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CloudExchange partnership with Huawei set to transform West Africa data centre

Data Centre infrastructure in Nigeria and the West African sub-region being driven by rapidly growing digital economy will soon receive a boost with CloudExchange partnering Huawei.

Recognising the enormous market potential CloudExchange, a leading system integrator in West Africa and also a provider of end-to-end Information Technology (IT) system solutions has made plans to enter the IDC market.

According to Xalam research, Internet Data Center (IDC) capacity in Sub-Saharan Africa (SSA) was recorded at 230 MW in 2020, with an average annual growth rate of 30 percent over five consecutive years, and is expected to balloon to anywhere between 350–450 MW by 2024.

It’s impressive potential that has attracted enterprises to invest in IDCs and build large-scale data centers in Nigeria, experts said.

For example, RackCentre — a data center operator — announced in 2020 an investment of $100 million, adding 13 MW capacity to its existing Nigerian data center setup. Another established Colocation (Colo) company, 21CTL, also announced the construction of a new 36 MW data center as part of its ambitious expansion plans.

Read Also: Huawei climbs higher in Fortune Global 500 list 2021

As a new IDC entrant, however, CloudExchange needed to find a way to differentiate itself, to establish a foothold in a fiercely competitive environment. And to set itself apart, the company decided to partner with Huawei, in order to be able to offer superior IDC services, faster response times to requirements, more flexible capacity expansion, and more reliable data centers overall.

Faster Response to Requirements. It takes roughly one and a half to two years to build a traditional data center in Nigeria — far too slow to keep up with the rapid growth of IDC services. To accelerate the process, CloudExchange chose a Huawei prefabricated modular data center solution: with most devices pre-installed and pre-tested in the factory, the data center simply has to be hoisted onsite. As a result, the construction period of the entire project was reduced to just seven months, meeting CloudExchange’s need for accelerated deployment without compromising quality nor impact the convenience of services that end-users receive.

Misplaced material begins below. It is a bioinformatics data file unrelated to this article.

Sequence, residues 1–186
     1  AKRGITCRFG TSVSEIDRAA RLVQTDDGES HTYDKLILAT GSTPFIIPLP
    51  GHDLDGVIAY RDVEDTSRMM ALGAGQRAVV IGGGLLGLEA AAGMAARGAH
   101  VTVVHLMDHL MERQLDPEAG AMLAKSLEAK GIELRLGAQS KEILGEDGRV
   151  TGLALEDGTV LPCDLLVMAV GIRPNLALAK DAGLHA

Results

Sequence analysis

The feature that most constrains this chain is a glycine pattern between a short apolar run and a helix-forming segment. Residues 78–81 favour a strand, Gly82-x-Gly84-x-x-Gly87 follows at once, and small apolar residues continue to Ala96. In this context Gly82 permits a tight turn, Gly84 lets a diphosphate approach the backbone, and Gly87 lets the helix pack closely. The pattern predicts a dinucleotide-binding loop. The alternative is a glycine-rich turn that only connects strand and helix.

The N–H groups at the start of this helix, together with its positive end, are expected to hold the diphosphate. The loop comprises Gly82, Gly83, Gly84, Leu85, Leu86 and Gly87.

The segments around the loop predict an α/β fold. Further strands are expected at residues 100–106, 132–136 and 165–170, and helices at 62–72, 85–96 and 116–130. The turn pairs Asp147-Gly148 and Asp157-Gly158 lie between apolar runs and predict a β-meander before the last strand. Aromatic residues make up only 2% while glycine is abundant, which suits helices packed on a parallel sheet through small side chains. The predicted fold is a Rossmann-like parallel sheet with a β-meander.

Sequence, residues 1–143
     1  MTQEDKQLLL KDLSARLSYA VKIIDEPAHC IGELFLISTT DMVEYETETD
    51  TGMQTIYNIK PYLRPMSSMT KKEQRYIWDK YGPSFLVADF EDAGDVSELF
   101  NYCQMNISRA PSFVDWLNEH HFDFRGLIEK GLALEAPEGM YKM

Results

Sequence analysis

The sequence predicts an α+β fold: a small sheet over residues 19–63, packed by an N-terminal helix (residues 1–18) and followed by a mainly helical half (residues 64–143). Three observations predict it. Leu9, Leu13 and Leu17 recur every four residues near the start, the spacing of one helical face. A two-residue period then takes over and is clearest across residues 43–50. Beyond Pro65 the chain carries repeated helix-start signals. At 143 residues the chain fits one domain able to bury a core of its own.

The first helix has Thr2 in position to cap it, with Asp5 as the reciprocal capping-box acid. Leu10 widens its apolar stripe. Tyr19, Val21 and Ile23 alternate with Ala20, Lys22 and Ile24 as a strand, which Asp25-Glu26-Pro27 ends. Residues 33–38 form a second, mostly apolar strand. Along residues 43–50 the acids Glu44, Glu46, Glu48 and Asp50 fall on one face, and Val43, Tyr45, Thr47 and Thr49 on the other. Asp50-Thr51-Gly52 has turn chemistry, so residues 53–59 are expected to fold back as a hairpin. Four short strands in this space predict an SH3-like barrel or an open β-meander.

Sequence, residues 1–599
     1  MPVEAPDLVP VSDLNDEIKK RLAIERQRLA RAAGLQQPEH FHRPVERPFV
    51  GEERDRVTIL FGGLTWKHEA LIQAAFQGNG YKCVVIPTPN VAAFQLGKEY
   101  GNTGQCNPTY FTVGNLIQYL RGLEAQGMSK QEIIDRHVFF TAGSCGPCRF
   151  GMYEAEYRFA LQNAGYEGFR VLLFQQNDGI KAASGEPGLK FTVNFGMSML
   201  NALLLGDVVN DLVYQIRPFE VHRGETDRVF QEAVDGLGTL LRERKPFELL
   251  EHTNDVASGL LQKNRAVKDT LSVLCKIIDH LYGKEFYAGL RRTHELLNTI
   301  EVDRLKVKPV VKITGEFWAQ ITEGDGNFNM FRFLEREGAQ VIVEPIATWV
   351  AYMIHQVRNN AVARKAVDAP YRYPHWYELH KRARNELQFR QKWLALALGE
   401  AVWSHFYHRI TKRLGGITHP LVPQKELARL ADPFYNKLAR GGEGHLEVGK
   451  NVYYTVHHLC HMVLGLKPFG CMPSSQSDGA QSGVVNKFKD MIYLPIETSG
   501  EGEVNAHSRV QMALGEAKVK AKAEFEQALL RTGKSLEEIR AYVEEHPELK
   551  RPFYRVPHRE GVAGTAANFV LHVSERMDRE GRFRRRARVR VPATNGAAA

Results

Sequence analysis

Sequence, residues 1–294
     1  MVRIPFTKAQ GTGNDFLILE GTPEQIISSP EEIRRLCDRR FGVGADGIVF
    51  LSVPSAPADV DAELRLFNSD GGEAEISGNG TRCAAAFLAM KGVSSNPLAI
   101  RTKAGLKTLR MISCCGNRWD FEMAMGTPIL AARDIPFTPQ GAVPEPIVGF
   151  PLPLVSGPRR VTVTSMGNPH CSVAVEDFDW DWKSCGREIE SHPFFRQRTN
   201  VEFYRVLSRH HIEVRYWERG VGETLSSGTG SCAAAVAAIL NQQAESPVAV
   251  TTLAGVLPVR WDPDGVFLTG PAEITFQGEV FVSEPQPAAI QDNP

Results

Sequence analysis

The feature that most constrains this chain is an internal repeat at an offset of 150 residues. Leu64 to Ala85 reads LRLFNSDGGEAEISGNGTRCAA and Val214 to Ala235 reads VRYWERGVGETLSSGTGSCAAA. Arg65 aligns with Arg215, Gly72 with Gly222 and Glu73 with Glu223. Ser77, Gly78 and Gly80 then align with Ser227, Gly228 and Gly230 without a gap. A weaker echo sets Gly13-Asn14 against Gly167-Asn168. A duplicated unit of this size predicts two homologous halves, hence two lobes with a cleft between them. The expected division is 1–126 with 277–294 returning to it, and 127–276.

On-demand construction with reduced initial investment. In a traditional data center, several buildings are constructed to form a data center campus. This means a high initial investment, a low initial load rate, and high overall energy consumption. After deploying Huawei’s prefabricated modular FusionDC solution, however, the data center supports online capacity expansion, with each layer able to function as an independent data center unit. Capacity can now be quickly expanded as needed, without any interruption to live services, reducing the initial outlay required as well as energy costs, all the while increasing the data center load rate. In addition, FusionDC is configured with an intelligent management system, which provides intelligent visualization, intelligent Operations and Maintenance (O&M), and intelligent optimization to improve O&M efficiency and data center reliability by implementing proactive prevention.

Indeed, the Information and Communications Technology (ICT) industry is one of the main drivers of Nigeria’s robust economic growth, supporting the rapid development of a range of industries from e-commerce to online banking and digital government.

The most populous country in Africa, Nigeria has maintained steady economic growth over the past two decades and today stands as the largest economy on the continent. Unsurprisingly, Nigeria also has the highest number of African Internet users, some 90 million or more, the tenth highest national figure in the world.

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